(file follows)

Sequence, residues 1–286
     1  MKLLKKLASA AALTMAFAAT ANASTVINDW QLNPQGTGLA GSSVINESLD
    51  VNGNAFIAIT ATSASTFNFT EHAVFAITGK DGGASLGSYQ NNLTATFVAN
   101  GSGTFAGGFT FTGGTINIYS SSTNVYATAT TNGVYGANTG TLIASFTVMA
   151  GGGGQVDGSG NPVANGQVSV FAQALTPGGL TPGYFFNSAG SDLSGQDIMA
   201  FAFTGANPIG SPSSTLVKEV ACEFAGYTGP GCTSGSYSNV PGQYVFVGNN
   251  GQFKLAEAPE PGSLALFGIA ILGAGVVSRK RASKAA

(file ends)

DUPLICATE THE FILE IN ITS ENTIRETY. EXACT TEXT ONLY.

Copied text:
Sequence, residues 1–286
     1  MKLLKKLASA AALTMAFAAT ANASTVINDW QLNPQGTGLA GSSVINESLD
    51  VNGNAFIAIT ATSASTFNFT EHAVFAITGK DGGASLGSYQ NNLTATFVAN
   101  GSGTFAGGFT FTGGTINIYS SSTNVYATAT TNGVYGANTG TLIASFTVMA
   151  GGGGQVDGSG NPVANGQVSV FAQALTPGGL TPGYFFNSAG SDLSGQDIMA
   201  FAFTGANPIG SPSSTLVKEV ACEFAGYTGP GCTSGSYSNV PGQYVFVGNN
   251  GQFKLAEAPE PGSLALFGIA ILGAGVVSRK RASKAA